What will the impact of the Brexit deal be on your employees?

International HR

After a year and a half of negotiations, on 13 November 2018 British Prime Minster May and the European Union reached a technical agreement on the UK leaving the European Union. The deal sets out the general terms on how the United Kingdom and the European Member states will cooperate after the UK has left the EU. The impact for you as an employer with employees inside or from the UK is now also clear. What you should know.  

The Brexit deal is 585 pages long and provides for a (temporary) solution to numerous issues: from the Irish border question to fishing, and the consequences for companies and employees working on the other side of the Channel. 



No imminent changes at this time

A transition period starts immediately after Brexit and runs from 30 March 2019 up to and including 31 December 2020. During this period the British must continue to comply with all EU decisions (so also new regulations). Hence, EU nationals working in the UK during the transition period will enjoy the same rights and guarantees as today. Also, nothing changes to the situation of British citizens working in a EU member state.

So does anything change during the transition period? It does: the UK no longer has a say in European decision making and it loses its seat at the EU bodies. During the transition period the EU and the UK will negotiate new agreements, for example on trade and security. If no agreement is reached, the negotiators can extend the transition period once.

How long such an extension can or may be has not yet been determined. During the transition period each EU member state can separately agree posting conditions with the UK. These rules then come into force after the transition period.

Turbulent times ahead of us 

Whether the agreement will actually be ratified is far from certain. British Prime Minster May did in any case clear a first crucial hurdle on 14 November. Her cabinet then passed the Brexit deal after a marathon meeting. But that was not without a fight: seven members of the government resigned in the following days. 

Despite the resistance – also within her own party – May is determined to get the agreement through the British parliament by 31 December. There is in any case still a long way to go (see timeline).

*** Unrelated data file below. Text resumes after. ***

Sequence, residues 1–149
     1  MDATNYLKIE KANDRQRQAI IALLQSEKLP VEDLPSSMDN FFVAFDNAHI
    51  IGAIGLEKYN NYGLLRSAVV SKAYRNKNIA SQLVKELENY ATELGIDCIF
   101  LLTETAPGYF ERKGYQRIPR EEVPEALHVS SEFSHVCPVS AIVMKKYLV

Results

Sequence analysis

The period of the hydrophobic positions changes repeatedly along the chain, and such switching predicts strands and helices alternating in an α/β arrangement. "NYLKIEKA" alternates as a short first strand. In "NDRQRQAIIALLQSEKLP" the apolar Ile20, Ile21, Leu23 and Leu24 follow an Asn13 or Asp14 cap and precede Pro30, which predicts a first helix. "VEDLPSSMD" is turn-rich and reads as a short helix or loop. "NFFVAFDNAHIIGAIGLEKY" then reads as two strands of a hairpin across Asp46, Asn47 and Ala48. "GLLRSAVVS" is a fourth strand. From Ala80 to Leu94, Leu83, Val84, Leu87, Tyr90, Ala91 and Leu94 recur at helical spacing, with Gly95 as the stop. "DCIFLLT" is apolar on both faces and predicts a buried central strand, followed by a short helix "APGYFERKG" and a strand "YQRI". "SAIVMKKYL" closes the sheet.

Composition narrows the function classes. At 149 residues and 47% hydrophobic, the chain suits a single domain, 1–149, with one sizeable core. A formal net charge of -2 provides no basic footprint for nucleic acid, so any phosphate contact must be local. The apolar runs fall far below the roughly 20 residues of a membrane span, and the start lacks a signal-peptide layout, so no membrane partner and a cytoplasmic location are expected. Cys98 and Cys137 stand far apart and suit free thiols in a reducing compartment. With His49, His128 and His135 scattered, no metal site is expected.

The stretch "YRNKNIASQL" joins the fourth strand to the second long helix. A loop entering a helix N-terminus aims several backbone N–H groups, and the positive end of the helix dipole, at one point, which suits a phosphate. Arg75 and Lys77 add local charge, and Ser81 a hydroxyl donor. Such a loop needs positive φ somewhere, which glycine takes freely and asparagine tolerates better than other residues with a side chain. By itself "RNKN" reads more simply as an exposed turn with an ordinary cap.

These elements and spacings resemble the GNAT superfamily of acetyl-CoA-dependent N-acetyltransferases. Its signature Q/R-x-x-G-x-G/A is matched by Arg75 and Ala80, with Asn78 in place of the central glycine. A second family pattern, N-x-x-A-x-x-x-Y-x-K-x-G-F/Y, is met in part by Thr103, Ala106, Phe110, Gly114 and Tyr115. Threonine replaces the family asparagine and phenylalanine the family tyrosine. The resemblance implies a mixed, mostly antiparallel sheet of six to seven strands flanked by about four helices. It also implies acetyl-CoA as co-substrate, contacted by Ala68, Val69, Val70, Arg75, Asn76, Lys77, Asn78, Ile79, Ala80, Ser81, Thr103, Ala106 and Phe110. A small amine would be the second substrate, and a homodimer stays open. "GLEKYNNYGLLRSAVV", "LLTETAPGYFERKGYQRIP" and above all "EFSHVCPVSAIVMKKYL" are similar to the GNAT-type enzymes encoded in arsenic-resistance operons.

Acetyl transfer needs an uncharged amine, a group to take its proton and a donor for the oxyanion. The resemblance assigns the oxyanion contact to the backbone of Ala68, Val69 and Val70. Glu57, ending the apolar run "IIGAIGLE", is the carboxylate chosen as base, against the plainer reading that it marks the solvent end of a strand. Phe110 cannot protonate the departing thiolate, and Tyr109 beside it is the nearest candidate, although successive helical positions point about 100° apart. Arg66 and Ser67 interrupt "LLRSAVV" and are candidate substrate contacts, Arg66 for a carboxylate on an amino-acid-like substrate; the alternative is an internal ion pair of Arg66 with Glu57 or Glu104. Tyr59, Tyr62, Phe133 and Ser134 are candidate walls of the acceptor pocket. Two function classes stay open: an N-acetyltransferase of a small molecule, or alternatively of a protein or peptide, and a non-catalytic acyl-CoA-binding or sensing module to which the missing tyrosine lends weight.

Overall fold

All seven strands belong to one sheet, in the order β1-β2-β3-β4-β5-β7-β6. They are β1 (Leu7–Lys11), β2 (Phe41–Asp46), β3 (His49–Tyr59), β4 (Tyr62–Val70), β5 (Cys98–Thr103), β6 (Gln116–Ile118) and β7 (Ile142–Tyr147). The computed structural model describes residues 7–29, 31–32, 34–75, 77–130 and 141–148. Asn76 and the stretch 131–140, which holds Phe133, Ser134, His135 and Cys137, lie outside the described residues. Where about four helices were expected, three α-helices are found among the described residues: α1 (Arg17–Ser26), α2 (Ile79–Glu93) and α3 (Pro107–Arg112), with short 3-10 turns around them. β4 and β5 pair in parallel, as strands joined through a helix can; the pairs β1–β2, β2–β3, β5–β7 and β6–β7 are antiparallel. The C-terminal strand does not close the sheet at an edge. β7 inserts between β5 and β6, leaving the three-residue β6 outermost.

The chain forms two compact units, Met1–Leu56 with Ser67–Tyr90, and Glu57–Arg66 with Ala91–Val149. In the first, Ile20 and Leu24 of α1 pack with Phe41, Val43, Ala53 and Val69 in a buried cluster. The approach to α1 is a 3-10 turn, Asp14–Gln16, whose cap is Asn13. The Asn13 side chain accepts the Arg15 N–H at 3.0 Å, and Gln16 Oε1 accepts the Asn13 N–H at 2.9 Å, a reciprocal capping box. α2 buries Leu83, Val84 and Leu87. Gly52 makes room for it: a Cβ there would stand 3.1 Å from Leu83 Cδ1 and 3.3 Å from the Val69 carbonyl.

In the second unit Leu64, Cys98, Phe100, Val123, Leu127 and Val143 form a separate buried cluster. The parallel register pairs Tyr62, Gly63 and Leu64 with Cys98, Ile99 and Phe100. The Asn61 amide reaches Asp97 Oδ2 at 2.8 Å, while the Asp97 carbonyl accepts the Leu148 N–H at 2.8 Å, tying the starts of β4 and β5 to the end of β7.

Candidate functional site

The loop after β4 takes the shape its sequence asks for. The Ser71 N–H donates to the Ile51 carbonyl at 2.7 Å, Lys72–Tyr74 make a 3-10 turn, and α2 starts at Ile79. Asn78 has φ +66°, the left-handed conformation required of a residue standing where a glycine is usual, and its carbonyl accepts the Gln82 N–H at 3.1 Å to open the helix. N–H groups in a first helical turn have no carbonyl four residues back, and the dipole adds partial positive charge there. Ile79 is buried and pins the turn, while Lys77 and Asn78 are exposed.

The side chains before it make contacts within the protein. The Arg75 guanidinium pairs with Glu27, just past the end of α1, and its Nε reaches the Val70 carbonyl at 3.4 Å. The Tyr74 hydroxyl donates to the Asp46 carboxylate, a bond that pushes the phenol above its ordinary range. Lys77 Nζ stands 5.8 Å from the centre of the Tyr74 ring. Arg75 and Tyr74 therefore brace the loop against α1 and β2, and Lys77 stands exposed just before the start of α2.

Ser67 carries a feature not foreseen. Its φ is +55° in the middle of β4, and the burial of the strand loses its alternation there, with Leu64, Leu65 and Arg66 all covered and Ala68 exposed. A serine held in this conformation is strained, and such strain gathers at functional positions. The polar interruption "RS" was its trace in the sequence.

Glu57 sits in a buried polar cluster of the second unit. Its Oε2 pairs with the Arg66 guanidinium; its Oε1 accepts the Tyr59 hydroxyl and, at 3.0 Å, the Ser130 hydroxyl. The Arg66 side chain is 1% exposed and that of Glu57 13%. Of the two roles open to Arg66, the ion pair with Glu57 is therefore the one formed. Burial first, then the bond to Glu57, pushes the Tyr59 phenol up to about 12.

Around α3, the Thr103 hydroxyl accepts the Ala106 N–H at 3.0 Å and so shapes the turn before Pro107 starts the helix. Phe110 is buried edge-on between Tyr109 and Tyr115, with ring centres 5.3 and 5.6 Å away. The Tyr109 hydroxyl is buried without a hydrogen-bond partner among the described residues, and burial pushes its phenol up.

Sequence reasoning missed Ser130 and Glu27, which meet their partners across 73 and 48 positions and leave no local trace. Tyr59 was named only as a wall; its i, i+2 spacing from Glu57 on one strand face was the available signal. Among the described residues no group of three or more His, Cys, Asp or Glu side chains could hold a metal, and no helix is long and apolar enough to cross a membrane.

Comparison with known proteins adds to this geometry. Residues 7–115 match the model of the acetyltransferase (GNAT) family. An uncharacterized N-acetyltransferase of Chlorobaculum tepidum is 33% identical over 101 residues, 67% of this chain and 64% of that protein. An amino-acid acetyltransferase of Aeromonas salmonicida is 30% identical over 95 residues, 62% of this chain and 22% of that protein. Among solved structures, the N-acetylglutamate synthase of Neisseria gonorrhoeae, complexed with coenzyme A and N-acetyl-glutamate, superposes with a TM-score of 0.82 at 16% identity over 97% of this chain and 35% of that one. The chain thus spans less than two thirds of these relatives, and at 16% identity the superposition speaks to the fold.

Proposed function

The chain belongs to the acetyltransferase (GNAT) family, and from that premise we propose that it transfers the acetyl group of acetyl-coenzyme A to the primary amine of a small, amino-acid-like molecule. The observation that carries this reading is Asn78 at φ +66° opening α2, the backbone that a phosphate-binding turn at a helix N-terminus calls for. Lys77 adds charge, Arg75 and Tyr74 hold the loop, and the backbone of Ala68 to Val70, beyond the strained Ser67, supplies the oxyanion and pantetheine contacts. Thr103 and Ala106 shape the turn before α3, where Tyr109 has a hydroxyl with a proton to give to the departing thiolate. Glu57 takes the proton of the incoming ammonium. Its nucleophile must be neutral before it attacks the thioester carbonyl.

Conclusion: uncertainty remains

What is on the table today could also be binned tomorrow. If, for example, the British parliament votes the deal down, the no-deal scenario becomes a possibility. The consequences for employers in that case are significant. With a hard Brexit there would also be no transition period. On 29 March 2019 European laws would then no longer be in force in the UK.

That is why it is crucial to now already make preparations if you have employees in or from the UK. This can be done by means of contingency planning. In doing so, you first establish which employees work where, and under what rules they will fall. You then get your organisation ready for any scenario. SD Worx will be pleased to assist you here. 

What steps still need to be taken? 

  • 31 December 2018: The British parliament will be voting on the Brexit deal on December 11. Experts point out the crucial importance of speed: the longer parliament dithers, the lower the chance that it will approve the agreement. 
  • January 2019: If the British parliament approves the Brexit agreement, it will then be the European parliament’s turn to vote on the deal.
  • 29 March 2019: Brexit happens: from midnight the UK will no longer be a member of the EU. With a ‘soft’ Brexit the first transition period will start. And a ‘No deal-scenario’? European laws will then no longer be in force in the UK. 
  • 31 December 2020: The first transition period ends. It can be extended just once. If this does not happen, the new agreements will come into force on 1 January 2021.
 

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